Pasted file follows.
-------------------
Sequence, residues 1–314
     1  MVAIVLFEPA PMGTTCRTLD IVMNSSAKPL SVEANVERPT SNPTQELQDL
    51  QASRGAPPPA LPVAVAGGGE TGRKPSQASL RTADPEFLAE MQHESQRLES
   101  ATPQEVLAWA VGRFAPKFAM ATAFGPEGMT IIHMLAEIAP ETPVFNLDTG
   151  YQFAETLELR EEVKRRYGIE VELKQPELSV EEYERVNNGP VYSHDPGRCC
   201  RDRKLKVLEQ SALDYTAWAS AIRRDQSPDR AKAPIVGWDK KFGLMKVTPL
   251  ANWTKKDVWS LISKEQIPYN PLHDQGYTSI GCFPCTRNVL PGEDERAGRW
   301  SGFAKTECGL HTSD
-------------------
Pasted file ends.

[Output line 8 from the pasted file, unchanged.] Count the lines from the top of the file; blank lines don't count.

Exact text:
   301  SGFAKTECGL HTSD